Some days, I seem to talk to more strangers than people I know. It’s the nature of my job and can be exciting, fulfilling, and fun.
However, often, I do miss the familiarity of friends and family and the opportunity to be with people to whom I don’t have to explain things, but rather just be.
Recently, that was revealed upon returning to my hometown of the last couple of decades. When a new shopkeeper in our village of about 650 residents asked if I had lived there, I had to think for a minute and finally said yes as if I wasn’t sure. The clerk, while new to the store, looked at me as with that understanding, helpful tip of his head as if to say, “Ahhh, another stranger in paradise.” I was curious as to why he wanted to know and was caught off guard when he shared his exciting, and what he felt pressing, news of Oktoberfest… I had not realized Oktoberfest was actually a thing here in Virginia, and I likened it more to my Michigan roots.
I think to myself, maybe I am a stranger in paradise.
I hate the fact I was the teeniest suspicious of the situation, especially because I really appreciated his hospitality, friendliness, and enthusiasm.
Not fully understanding the situation, I initially felt as if he was more of personality from Border Patrol at the Windsor tunnel on the Canadian-Detroit line.
In the hustle of my life, have I lost the ability to hear the good news?
Seemingly, the more and more I am in a world of unknown situations and talking to more people that I don’t know at times, I do so with some apprehension.
I loathe the nature of that flavor of caution as it feels like a hint of mistrust and negativity.
No one else would care.
But I do.
I am not that person.
I have spent my life connecting with people.
I never look through people but instead seek to know more about who they are as individuals. I have always been an arms-open person.
For most of my life, I have been perceptive and understood people as they presented themselves, not all people, but for the most part, I got who they presented as even if they themselves did not fully understand.
Perhaps a few years back, I would have instantly picked up on the store clerk’s enthusiasm as opposed to reading it as a shakedown, and I regret that I did not see his enthusiasm initially.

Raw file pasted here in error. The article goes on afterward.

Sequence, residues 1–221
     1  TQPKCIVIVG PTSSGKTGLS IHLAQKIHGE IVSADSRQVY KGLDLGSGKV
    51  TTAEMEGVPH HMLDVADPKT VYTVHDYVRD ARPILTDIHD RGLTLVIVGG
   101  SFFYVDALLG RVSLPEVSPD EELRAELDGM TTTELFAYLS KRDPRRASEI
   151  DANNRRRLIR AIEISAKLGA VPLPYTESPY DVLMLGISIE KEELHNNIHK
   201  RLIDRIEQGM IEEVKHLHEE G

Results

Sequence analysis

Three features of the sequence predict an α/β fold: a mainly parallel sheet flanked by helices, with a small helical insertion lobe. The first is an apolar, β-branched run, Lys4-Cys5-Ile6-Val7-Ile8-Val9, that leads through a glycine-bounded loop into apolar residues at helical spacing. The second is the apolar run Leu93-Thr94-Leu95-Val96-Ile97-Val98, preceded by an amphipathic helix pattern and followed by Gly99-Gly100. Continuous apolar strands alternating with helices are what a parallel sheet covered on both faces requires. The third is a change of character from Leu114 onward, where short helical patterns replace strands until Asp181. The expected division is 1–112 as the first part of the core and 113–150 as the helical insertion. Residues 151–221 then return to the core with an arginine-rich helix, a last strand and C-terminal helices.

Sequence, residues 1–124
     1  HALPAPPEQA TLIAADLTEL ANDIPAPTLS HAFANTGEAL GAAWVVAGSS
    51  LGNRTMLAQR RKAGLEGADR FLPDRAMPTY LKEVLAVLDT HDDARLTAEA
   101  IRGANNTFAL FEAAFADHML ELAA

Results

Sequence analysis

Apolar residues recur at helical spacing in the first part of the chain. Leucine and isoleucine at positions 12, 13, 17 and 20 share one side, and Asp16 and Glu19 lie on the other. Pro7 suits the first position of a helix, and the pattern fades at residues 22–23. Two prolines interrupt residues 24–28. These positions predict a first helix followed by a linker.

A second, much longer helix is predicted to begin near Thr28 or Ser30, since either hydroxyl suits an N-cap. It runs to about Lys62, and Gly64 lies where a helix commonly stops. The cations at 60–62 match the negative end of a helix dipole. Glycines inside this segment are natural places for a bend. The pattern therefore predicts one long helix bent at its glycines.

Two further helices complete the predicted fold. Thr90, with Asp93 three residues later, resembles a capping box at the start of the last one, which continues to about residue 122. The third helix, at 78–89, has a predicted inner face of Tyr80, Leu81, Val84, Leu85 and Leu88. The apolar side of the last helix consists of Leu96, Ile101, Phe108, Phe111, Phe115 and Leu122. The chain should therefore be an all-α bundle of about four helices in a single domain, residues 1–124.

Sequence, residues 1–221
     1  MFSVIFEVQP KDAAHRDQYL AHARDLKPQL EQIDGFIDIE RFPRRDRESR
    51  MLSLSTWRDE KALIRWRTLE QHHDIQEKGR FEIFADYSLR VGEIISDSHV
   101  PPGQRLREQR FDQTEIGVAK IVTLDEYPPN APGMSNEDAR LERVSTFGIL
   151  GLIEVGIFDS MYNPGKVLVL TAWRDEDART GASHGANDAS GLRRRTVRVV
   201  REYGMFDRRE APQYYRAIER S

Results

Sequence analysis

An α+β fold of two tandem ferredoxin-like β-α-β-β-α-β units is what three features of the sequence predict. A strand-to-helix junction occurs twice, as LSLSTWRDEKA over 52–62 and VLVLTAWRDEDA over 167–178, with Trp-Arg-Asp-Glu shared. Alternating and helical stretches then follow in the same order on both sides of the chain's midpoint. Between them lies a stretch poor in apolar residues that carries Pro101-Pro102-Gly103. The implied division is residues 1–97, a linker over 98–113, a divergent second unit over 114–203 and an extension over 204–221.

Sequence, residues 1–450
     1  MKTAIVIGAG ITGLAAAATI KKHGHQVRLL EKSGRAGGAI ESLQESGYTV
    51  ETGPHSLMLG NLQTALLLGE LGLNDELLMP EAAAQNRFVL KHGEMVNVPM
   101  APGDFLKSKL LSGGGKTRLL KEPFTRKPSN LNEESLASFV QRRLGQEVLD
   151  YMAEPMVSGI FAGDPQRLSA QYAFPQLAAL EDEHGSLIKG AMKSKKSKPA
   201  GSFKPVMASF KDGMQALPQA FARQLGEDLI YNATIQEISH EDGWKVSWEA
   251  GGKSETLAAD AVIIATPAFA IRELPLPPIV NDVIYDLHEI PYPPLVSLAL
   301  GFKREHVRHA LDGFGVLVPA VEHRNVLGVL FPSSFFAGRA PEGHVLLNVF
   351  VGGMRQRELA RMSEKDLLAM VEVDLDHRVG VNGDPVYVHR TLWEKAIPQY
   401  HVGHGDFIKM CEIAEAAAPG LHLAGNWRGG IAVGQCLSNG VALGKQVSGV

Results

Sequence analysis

We, as a society, have increasingly become amped-up, defensive word warriors. It seems that more and more people are navigating everyday exchanges defensively—ready for that next sharp, quick-witted yet mean comeback.
I see it every day at every level in life, social media, and, sadly, even our country’s administration.
Since 2003, when I founded Less Cancer, I have been connecting individuals and communities with information—some of it scary and disturbing.
Early on, I learned why the message and messenger are critical when working to provide information that can change and save people’s lives.
My work for Less Cancer has made information available for all—Less Cancer for all. It has improved the standard of living of individuals and communities and provided lifesaving content to health care providers and public health professionals.
We have reached tens of millions in over 40 countries.
When we become untrusting for no particularly good reason or situation, we stop listening.
For no reason, we stop trusting the things that matter, such as science, medicine, and critical information that can be lifesaving.
My brief experience in that small town shop was a nagging reminder as to why we must all keep our hearts and minds open for, without either, we miss opportunities that can make all the difference in our lives and the lives of others.